Listen to our 'Targeting diabetes' podcast now
23 Nov 2018
Glucose-lowering medications have been the mainstay of managing type 2 diabetes for 20 years, but in April this year a polemic erupted around specific targets for blood sugar. The American College of Physician recommended less stringent control than had been previously accepted, and invoked fierce criticism from other diabetes organisations around the world.
It all comes down to the interpretation of four key trials between designed to show a link between intensive glycemic control and improvement in cardiovascular symptoms. On this podcast, Dr Paul Drury and Professor Sophia Zoungas help make sense of the inconsistencies between the findings and explain how these inform individualised strategies for patients with different histories.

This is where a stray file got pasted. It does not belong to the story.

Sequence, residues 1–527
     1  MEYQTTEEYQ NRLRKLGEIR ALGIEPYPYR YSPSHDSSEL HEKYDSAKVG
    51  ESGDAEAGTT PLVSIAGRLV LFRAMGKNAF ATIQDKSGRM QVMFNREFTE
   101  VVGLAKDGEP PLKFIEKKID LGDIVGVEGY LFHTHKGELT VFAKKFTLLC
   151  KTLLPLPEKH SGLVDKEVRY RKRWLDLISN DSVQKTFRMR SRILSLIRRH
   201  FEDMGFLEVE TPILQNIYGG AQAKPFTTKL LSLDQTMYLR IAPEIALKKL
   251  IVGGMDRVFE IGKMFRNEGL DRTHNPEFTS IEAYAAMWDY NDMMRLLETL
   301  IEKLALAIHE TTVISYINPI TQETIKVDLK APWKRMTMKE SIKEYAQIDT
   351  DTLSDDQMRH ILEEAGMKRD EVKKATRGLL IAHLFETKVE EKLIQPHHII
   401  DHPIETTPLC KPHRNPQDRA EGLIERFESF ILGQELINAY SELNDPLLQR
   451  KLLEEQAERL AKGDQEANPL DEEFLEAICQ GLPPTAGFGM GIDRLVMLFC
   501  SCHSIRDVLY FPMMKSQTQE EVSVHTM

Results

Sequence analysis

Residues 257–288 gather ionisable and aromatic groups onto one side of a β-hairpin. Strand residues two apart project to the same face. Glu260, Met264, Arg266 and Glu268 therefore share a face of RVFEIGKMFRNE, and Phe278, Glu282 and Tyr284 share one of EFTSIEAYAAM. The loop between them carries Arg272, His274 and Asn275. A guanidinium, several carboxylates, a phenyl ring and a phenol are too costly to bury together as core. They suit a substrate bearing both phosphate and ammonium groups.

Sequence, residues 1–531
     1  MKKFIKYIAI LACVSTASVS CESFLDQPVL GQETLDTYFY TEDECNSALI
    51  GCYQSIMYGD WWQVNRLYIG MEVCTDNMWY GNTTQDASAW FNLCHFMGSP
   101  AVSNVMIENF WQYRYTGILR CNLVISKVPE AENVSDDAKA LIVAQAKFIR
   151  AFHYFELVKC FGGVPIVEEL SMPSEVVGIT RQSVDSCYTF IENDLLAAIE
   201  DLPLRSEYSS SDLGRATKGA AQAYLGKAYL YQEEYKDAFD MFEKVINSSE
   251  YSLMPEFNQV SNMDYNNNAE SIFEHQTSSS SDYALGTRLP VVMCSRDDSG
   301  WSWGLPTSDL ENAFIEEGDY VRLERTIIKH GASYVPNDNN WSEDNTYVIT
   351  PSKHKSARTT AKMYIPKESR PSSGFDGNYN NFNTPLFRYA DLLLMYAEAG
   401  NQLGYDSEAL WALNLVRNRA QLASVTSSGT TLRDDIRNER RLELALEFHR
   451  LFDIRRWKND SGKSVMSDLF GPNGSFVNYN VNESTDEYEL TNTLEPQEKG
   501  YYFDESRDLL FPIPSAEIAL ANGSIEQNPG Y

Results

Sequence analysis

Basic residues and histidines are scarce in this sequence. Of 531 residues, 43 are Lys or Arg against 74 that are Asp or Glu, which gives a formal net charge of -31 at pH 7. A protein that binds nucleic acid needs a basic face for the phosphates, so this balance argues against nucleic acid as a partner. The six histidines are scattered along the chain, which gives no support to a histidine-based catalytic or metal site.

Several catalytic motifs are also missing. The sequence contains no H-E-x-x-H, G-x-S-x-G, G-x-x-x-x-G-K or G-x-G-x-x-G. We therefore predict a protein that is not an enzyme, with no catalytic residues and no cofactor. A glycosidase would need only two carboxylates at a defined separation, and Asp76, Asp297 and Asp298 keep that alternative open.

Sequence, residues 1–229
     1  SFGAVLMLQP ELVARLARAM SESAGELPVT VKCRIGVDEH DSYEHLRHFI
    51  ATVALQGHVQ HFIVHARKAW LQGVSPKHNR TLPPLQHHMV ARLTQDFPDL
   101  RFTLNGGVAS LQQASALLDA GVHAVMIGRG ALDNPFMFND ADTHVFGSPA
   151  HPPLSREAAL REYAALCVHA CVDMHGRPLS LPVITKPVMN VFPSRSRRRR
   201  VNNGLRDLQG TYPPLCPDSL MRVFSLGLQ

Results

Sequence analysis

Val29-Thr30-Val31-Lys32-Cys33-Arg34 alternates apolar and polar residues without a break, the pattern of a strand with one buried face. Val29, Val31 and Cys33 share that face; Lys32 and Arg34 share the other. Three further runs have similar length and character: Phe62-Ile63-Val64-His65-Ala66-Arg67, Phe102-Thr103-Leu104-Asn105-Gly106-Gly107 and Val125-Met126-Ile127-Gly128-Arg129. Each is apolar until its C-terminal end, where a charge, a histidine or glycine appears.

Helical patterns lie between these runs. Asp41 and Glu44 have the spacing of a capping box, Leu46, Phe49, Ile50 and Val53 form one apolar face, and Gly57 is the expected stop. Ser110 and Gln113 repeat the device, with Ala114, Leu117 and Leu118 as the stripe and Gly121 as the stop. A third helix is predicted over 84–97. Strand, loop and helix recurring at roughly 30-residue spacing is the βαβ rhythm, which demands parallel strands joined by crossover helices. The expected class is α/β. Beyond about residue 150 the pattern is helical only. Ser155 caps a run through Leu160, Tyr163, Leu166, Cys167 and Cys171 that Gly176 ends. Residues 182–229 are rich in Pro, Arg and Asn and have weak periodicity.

In recent years there have also been trials of new drug classes that don’t just lower blood glucose but appear to provide cardiovascular benefits directly in sicker patients. These are the SGLT2 inhibitors and GLP-1 receptor agonists, and we’ll summarise the use advised in a very recent consensus statement.
Professor Sophia Zoungas FRACP (Monash Health; Board Director, Diabetes Australia; Clinical Director, National Association of Diabetes Centres).
- Dr Paul Drury FRACP (Clinical Advisor in Diabetes, NZ Ministry of Health).
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